The eBook was formatted well with no obvious errors other than a few odd line breaks in the middle of words.

Remembrances of old

I like listening to music as I read, and there are certain songs or albums I associate to certain books/stories, but that’s a post for another day. As I’m sitting here tonight re-reading a story I originally read back in my youth (A Trace of Memory by Keith Laumer) I slipped in my CD of The Best of the Guess Who, which got me thinking about one of the songs that isn’t on the CD and some of the other changes. Back in grade school I listened to my parents music mostly. I really liked The Beach Boys, The Ventures, CCR and some others. But, by far, in the 3rd, 4th and 5th grade my favorite album of theirs to play was The Best of the Guess Who.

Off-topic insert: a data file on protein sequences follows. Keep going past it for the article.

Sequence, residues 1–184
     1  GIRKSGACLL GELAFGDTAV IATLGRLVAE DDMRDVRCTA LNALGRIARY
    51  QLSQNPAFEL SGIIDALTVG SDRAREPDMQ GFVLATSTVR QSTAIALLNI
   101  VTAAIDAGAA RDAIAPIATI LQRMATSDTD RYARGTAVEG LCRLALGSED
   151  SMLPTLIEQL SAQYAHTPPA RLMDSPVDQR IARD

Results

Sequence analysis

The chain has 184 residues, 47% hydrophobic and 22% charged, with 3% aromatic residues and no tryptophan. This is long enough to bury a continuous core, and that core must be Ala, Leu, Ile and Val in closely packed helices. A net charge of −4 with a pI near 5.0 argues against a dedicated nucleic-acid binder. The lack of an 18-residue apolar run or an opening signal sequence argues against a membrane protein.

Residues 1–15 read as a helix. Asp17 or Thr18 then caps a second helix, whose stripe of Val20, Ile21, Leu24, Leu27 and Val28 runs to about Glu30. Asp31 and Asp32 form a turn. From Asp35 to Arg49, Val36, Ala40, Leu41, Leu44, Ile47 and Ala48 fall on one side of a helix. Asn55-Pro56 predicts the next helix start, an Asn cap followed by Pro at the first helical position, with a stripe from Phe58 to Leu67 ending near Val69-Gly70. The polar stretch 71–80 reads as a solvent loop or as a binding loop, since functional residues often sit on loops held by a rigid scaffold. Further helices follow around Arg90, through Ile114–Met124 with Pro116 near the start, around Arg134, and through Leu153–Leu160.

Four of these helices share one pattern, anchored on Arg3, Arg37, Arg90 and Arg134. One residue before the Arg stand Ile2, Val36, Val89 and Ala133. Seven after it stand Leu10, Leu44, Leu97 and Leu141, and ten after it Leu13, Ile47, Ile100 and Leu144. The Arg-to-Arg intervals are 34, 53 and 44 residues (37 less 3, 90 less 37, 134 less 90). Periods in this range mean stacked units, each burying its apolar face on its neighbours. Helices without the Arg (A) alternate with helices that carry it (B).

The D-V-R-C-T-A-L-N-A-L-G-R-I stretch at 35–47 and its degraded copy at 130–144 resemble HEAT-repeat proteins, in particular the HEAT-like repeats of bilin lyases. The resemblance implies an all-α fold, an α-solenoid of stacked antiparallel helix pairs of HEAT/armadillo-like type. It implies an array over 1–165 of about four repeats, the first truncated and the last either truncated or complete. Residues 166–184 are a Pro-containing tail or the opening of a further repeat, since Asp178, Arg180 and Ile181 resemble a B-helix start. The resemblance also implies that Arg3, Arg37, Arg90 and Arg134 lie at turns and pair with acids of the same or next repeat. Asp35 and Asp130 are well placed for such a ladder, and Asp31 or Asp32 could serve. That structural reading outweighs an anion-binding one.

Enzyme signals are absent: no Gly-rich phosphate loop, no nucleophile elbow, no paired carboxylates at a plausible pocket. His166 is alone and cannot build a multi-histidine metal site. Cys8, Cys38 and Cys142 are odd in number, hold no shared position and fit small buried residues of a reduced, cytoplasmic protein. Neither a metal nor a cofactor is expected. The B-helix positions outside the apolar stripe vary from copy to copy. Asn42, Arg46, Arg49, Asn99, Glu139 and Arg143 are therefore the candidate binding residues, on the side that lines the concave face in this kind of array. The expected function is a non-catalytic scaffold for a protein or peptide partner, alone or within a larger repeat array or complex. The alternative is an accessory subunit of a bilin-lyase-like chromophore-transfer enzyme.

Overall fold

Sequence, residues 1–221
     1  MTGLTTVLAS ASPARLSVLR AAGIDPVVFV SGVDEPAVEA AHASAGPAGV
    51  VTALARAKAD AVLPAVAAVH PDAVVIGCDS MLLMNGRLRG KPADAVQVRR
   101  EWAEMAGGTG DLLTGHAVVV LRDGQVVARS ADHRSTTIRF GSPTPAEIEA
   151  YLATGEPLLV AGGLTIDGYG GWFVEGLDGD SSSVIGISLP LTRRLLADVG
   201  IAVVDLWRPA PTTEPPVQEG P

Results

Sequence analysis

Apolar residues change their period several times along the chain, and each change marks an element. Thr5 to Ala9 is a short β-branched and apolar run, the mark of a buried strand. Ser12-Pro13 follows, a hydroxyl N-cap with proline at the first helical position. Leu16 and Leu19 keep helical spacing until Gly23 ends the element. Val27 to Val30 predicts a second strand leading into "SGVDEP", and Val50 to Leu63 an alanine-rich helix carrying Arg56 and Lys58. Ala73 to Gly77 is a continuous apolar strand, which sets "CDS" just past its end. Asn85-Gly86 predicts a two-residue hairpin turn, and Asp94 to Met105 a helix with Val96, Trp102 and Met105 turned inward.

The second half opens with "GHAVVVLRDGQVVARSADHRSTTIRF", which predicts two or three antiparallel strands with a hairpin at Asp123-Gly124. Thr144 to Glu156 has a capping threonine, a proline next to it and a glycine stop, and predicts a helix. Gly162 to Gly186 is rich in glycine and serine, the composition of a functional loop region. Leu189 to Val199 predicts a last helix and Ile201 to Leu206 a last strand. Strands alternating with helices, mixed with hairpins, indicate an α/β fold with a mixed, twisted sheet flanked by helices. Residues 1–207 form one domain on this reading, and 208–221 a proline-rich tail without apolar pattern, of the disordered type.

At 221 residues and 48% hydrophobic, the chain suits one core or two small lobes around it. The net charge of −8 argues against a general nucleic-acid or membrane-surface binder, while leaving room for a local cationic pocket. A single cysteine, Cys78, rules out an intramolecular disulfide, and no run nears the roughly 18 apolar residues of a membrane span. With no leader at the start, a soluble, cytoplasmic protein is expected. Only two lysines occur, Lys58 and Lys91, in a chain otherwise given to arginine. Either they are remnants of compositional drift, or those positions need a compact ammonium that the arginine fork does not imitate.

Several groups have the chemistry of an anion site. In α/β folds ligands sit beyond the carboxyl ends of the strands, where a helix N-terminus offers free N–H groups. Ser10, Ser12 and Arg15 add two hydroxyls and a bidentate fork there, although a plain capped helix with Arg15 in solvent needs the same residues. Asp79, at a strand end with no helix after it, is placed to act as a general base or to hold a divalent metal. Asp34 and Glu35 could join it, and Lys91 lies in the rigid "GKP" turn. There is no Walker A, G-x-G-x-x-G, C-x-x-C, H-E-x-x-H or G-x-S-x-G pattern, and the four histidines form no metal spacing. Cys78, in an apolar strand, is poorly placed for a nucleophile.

Continue reading “Remembrances of old”

Spend Game

My review of Spend Game by Jonathan Gash

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When Lovejoy witnesses a car crash that turns out to be a murder – with one of his oldest antique-dealer friends the victim – he sets out on a trail of revenge that leaves him pondering several bewildering questions.

Why did his friend buy up a load of junk furniture? What did he want with an old doctor’s bag? Why was his friend killed? Who was trying to kill Lovejoy and – most perplexing of all – what the hell is he doing potholing through underground tunnels dodging armed hit men?


4 Stars